SOCIAL worker Xiao Haifeng, 46, lives a three-minute walk away from the hospital where he works in the Inner Mongolia city of Chifeng.
But still, he paid 180,000 yuan (S$37,680) last August for his first car, a new Nissan Grand Livina, that he plans to use only for weekend trips with his family.
He has no real need for a car, Mr Xiao admitted. But he fears that Chifeng, a city of slightly over one million people, may eventually roll out vehicle-control measures, given the worsening traffic jams, especially in the city centre, and that may make it harder for him to buy one.
"I think such restrictions are a matter of time, so it is better to buy (a car) soon," he told The Straits Times. "Anyway, I have always dreamt of owning a car."
Despite rising concerns over the impact of cars on China's choking air pollution and clogged roads, many like Mr Xiao continue to buy cars at a blistering pace.
Nearly 22 million passenger and commercial vehicles were sold in China last year, making it the first country to cross the 20 million mark in a given year.
The figure was 14 per cent higher than in 2012, or double the 7 per cent increase forecast by the China Association of Automobile Manufacturers.
It marked the industry's fastest growth since 2010.
The roaring demand in the world's biggest car market prompted manufacturer Jaguar LandRover, which has never produced its luxury marques outside the United Kingdom, to set up a plant in China. It will start operations this year.
The figures also showed that foreign carmakers are speeding ahead of Chinese counterparts, gaining a 1.6 percentage point of market share.
Foreign carmakers now have 59.7 per cent of the Chinese car market. Toyota, for example, registered record sales last year.
German-based Volkswagen toppled United States maker General Motors as the top China seller for the first time in nine years, while Ford, thanks to its popular Focus car, saw the strongest growth among foreign brands, with a 49 per cent sales spike.
Beijing-based automobile industry analyst Jia Xinguang cited various factors for last year's blistering growth.
One reason is a rebound in Japanese car sales back to pre-September 2012 levels, before China boycotted Japanese cars because of their dispute over the Diaoyu/Senkaku islands.
He also cited how car ownership is still low in China, given that there are about 120 million vehicles in a country of over nearly 1.4 billion people.
"This means less than 100 cars for every 1,000 people, compared with over 600 for major car markets like Europe and Japan," Mr Jia told The Straits Times.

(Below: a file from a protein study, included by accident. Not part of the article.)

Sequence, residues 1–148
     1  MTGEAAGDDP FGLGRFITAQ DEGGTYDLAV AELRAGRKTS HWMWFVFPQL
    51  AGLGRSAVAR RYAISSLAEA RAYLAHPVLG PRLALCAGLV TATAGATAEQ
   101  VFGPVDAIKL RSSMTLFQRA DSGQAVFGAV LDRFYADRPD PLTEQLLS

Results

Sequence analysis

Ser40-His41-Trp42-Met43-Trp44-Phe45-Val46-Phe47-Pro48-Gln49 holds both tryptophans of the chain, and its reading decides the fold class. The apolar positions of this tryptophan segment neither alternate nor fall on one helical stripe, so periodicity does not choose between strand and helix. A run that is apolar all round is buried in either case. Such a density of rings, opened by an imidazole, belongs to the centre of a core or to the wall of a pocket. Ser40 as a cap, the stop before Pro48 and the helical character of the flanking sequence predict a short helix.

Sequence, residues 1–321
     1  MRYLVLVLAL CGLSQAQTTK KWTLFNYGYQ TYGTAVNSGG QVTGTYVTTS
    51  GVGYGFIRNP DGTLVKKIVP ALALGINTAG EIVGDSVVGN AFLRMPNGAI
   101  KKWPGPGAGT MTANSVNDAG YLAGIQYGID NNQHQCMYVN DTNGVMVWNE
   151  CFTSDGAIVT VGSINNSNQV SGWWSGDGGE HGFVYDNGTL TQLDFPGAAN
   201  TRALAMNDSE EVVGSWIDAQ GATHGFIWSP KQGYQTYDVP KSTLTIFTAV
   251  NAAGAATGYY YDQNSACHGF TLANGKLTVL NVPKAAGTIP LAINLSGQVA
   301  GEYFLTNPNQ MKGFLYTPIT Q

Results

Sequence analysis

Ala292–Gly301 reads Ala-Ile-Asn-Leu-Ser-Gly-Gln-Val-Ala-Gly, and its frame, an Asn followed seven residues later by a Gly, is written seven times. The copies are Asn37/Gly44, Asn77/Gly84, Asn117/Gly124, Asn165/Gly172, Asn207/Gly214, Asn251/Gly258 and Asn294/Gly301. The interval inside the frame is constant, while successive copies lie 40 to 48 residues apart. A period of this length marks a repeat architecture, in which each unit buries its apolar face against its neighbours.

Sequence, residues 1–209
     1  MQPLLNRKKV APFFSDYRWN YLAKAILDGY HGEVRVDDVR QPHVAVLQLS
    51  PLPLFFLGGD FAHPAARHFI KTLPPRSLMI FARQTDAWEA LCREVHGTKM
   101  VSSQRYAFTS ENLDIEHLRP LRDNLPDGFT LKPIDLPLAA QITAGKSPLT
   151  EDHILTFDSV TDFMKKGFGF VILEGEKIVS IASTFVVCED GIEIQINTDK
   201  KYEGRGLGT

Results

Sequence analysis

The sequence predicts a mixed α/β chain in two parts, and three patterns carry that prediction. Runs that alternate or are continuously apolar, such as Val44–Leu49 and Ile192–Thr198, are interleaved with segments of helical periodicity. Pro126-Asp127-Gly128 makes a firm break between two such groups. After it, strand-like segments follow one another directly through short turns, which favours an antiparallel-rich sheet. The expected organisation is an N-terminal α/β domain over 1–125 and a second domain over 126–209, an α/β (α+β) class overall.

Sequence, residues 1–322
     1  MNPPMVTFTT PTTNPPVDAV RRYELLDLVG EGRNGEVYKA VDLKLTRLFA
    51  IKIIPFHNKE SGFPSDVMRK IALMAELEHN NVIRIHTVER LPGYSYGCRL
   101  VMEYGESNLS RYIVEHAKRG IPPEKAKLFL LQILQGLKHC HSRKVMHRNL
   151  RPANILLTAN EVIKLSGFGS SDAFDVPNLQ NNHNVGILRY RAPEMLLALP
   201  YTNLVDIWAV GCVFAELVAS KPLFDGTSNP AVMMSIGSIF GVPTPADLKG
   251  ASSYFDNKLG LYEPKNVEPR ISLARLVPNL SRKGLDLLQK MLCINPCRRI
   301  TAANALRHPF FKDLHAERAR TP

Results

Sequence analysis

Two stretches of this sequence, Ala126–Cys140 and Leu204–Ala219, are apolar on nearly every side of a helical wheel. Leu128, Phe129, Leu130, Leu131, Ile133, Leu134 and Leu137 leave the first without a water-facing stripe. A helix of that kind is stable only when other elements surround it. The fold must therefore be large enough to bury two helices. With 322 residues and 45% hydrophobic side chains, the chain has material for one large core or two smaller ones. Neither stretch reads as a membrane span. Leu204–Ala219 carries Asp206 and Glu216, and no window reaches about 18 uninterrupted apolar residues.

"So, the potential for car sales growth is still quite high in China, especially in smaller cities in inland areas as their economies grow and incomes rise."
Ironically, talk last year that eight more cities were set to introduce car-buying restrictions also boosted sales, with consumers like Mr Xiao making "pre-emptive" purchases, said Mr Jia.
Public opinion, Mr Jia noted, remains split over the main culprit for air pollution, with some blaming coal power plants more than vehicle emissions.
Mr Zhou Yujie, who works in the China University of Geosciences, said he bought a new 270,000 yuan Ford Kuga sports utility vehicle last November as he thinks motor emissions are less culpable than coal consumption.
"I do not think we can blame cars. In any case, I plan to limit my usage by driving only to work during the week and in winter, when the morning is too cold," he told The Straits Times.
However, car sales this year are expected to be only about 8 per cent to 10 per cent more than last year, analysts say. That is because more cities are expected to join Beijing, Guangzhou, Guiyang and Shanghai in restricting car purchases, like Tianjin did from Jan 1 by capping the number of licences.
Professor Jiang Libiao of the South China University of Technology in Guangzhou said China's slowing economy and economic restructuring efforts may also hit enterprises and their car purchases.
And with record levels of smog in cities like Beijing and Shanghai, the government may also raise petrol prices to deter car buyers, analysts said.
Still, Ms Sun Liqun, 44, who works in an education company in Beijing, is hoping to get lucky in snagging a licence plate through the capital's lottery system.
She has agonised over the past year whether to get a car that will let her travel more conveniently from her Yonganli workplace, as she finds it frustrating having to find a cab in the busy city centre.
"I have been hesitating as I do want to play a part in protecting the environment. But there is only that much I can do, and I do have a real need for a car, like many others," she told The Straits Times.
This story was first published in The Straits Times on Jan 15, 2014
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